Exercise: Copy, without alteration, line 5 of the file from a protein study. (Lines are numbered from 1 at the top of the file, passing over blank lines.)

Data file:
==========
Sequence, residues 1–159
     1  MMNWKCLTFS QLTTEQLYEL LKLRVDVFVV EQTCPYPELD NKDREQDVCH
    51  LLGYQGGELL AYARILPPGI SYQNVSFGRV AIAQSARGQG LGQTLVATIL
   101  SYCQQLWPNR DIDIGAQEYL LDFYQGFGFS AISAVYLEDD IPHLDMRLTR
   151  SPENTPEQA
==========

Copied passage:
   151  SPENTPEQA